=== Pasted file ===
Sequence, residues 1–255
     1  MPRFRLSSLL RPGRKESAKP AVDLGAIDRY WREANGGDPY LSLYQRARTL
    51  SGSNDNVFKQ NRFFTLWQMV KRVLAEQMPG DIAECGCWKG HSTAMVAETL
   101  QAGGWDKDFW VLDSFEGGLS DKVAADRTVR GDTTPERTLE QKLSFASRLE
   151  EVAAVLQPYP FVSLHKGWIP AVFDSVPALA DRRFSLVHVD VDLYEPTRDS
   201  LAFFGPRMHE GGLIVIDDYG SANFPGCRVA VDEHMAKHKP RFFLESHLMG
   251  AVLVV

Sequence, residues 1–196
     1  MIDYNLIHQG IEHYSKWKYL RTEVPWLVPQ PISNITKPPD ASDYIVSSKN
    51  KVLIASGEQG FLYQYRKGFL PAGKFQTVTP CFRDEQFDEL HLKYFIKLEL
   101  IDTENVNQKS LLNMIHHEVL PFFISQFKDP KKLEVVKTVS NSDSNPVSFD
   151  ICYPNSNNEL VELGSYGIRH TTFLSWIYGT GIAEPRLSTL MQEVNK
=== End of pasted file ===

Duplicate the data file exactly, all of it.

Sequence, residues 1–255
     1  MPRFRLSSLL RPGRKESAKP AVDLGAIDRY WREANGGDPY LSLYQRARTL
    51  SGSNDNVFKQ NRFFTLWQMV KRVLAEQMPG DIAECGCWKG HSTAMVAETL
   101  QAGGWDKDFW VLDSFEGGLS DKVAADRTVR GDTTPERTLE QKLSFASRLE
   151  EVAAVLQPYP FVSLHKGWIP AVFDSVPALA DRRFSLVHVD VDLYEPTRDS
   201  LAFFGPRMHE GGLIVIDDYG SANFPGCRVA VDEHMAKHKP RFFLESHLMG
   251  AVLVV

Sequence, residues 1–196
     1  MIDYNLIHQG IEHYSKWKYL RTEVPWLVPQ PISNITKPPD ASDYIVSSKN
    51  KVLIASGEQG FLYQYRKGFL PAGKFQTVTP CFRDEQFDEL HLKYFIKLEL
   101  IDTENVNQKS LLNMIHHEVL PFFISQFKDP KKLEVVKTVS NSDSNPVSFD
   151  ICYPNSNNEL VELGSYGIRH TTFLSWIYGT GIAEPRLSTL MQEVNK